How to replace microUSB with USB-C

by Pratik (A PCBArtist)

This article outlines how to replace microUSB with USB-C connector in an existing application or new designs. We look at multiple common connector types and how you can modify the design of the application to add USB Type C support.
USB-C or USB Type C connectors have been taking over the market fast – and for good reason. They are not as delicate as a microUSB connectors, they can accept a reversed plug and they also allow for many additional features that modern applications benefit from.

USB 2.0 MicroUSB Connector Pinout

Before you can try to replace an existing microUSB connector, it is very important to understand the difference between the USB Type C and the older microUSB connector.

Let us start by taking a look at the universal microUSB connector pinout and structure. There is rarely any variation across microUSB connectors and the variation will only be with respect to how the connector is mounted or mechanically supported. The pinout should always be the same as shown below.
USB 3.0 microUSB connectors tend to use a 10 pin connector, but we are not going to consider that as those connectors are not nearly as common as the 5-pin USB 2.0 type microUSB connectors.

microUSB connector and pinout
5-pin USB 2.0 MicroUSB Connector and Pinout

5-pin microUSB connectors as shown above will always have 5 pins and a set of chassis pins or studs that help secure it to the PCB. These 5 pins will be:

  1. VCC
  2. D- or DM
  3. D+ or DP
  4. ID
  5. GND

The USB ID pin is the mode detect pin used in USB OTG mode. We can ignore that in USB slave-only devices that use microUSB connector.

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USB Type-C or USB-C Connector Pinout

USB-C connectors are not as simple as the microUSB connector. At the very basic level, the USB C type connector is designed for plugging both ways and is not orientation sensitive. To achieve this symmetry the USB-C connector uses mirrored set of pins along both pin rows. This mirrored pin arrangement is shown below.

USB Type C or USB-C connector and pinout
USB-C Connector and Pinout

Now if you wanted to replace a simple 5-pin microUSB slave-only USB connector with this one, you can see how that will not really be a drop-in replacement!
However, a lot of these pins are not needed for just using the connector for power or data.
Luckily for us designers, there are many variants of USB-C connectors available in the market to easily replace microUSB with USB-C connectors without forcing you to use 24-pin, fine pitch USB-C connectors that are hard to solder by hand.
We will take a look at some of the pins and their functions as we go through this article.

Case 1: Replace MicroUSB with USB-C for Power Only

Sometimes all you need is to use a USB-C connector instead of a microUSB connector for power delivery to the USB device. This could be a relatively low power device or just a simple charger where you do not really care about the USB data lines because you do not need them at all.

The simple solution here is to use 8-pin or 10-pin USB-C connectors with only power pins.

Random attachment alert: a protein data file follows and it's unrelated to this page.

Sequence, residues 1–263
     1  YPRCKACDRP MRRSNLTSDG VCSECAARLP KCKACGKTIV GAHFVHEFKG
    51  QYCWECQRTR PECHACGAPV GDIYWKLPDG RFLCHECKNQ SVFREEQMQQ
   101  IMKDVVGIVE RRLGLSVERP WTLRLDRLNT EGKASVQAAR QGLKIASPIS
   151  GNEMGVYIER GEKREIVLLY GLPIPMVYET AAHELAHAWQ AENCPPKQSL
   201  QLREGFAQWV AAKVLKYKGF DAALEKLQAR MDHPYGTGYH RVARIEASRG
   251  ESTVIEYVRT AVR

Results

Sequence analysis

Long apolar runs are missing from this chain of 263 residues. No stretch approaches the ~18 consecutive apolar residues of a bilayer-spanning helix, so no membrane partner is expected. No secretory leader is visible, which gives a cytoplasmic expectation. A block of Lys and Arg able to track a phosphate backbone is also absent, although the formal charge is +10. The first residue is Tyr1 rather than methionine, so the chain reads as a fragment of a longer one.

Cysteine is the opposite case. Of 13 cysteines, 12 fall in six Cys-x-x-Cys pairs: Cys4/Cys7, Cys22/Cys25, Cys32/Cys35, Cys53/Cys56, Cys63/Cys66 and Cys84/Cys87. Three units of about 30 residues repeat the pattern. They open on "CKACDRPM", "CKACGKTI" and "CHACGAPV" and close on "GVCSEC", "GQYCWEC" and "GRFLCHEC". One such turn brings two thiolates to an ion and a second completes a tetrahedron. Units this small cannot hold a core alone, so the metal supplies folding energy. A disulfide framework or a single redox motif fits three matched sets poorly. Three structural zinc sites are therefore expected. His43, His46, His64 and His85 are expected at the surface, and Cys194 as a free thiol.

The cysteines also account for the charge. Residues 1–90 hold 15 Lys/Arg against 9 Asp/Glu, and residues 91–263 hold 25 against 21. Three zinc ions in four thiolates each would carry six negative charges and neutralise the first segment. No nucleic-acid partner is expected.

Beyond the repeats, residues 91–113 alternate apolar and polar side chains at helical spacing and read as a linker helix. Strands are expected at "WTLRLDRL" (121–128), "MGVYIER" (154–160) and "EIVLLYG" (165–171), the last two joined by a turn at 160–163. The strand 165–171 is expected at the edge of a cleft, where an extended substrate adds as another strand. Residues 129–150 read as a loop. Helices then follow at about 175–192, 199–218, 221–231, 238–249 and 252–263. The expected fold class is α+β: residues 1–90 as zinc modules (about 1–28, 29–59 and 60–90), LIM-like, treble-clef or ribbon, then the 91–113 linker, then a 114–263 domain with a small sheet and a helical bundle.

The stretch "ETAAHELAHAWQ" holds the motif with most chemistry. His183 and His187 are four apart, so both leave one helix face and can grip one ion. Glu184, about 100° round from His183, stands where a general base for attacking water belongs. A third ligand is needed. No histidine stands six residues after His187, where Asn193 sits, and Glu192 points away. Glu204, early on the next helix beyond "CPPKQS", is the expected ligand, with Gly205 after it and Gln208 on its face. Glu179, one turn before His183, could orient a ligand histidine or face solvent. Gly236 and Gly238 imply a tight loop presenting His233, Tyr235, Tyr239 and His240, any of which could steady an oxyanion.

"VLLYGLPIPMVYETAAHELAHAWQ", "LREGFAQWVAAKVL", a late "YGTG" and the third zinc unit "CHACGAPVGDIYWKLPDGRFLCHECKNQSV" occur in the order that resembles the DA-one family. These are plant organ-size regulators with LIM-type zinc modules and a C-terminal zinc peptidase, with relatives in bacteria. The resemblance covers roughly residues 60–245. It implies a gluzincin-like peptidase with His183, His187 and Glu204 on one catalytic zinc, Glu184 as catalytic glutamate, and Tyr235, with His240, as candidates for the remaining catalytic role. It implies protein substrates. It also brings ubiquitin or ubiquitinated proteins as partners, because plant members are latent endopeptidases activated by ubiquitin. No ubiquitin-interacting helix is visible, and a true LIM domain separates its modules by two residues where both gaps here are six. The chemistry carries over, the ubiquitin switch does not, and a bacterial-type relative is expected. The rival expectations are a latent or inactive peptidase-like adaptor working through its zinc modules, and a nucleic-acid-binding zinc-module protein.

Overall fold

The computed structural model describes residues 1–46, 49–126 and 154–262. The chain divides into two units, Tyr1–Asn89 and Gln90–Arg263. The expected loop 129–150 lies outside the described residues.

To extract power from the USB-C connector, you need to access

  • Pins A1, A12, B12, B1:
    GND
  • Pins A4, A9, B9, B4:
    VBUS
  • Pins A5, B5:
    CC1 and CC2

You can simply short together or connect together all the GND pins and all the VBUS pins and use them for USB power. Simple!

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Replace microUSB with USB-C Power-only Connector
Replace microUSB with USB-C Power-only Connector (Part #: UJC-HP-G-SMT-TR from CI Devices)

Case 2: Replace MicroUSB with USB-C for Power Only, with CC pins used

There are not a ton a USB-C connectors in the market that just bring out the power pins for you. Many connectors will usually expose CC pins of the connector too.
In fact, the CC pins are compulsory to implement on ALL connectors. Those that do not expose the CC pins just have internal resistors inside the connector to set the proper configuration.

What do you do with the CC1 and CC2 pins?
The CC pins are used for configuration detection purposes. You cannot leave them floating around, or the USB host may not put out the power you need via the USB VBUS pin.

The CC pins contain pull-up or pull-down resistors so that the port configuration can be detected to figure out whether it is a down-stream facing port or upstream-facing port, cable detection and current capability advertisement.

For our case of microUSB USB slave that just needs to draw current, the CC1 and CC2 pins must have a 5.1 Kohm pull-down resistor each.

An example of a connector with VBUS, GND and CBS pins exposed is shown here.

Replace microUSB with USB-C Connector with CC Pins
Replace microUSB with USB-C Connector with CC Pins (Part #TYPE-C-31-M-17)
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Case 3: Replace MicroUSB with USB-C with Data Lines

To replace microUSB with USB-C connector in an application that needs USB data lines too along with USB power, you need to have a USB-C connector with all pins exposed.
An example of such a connector is the TYPE-C-31-M-12.

Here is a schematic for you to understand how to connect such a connector with a USB slave device controller.

Schematic for Using USB-C Connectors with Full Pinout
Schematic for Using USB-C Connectors with Full Pinout

We hope that you are now armed with enough examples and connector part numbers to decide how you can best replace your microUSB with USB-C connector, both in new designs and existing applications!

Change Log
  • Initial Release: 09 December 2020

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